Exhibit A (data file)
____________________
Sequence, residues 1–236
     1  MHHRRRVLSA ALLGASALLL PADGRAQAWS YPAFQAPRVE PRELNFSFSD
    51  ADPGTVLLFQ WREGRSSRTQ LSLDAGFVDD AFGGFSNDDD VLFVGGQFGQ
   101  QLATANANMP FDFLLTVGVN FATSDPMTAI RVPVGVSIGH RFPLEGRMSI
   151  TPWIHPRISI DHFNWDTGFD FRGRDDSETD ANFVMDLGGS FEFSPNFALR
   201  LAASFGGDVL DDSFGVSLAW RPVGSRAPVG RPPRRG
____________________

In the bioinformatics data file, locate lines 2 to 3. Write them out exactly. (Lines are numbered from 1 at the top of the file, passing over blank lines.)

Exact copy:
     1  MHHRRRVLSA ALLGASALLL PADGRAQAWS YPAFQAPRVE PRELNFSFSD
    51  ADPGTVLLFQ WREGRSSRTQ LSLDAGFVDD AFGGFSNDDD VLFVGGQFGQ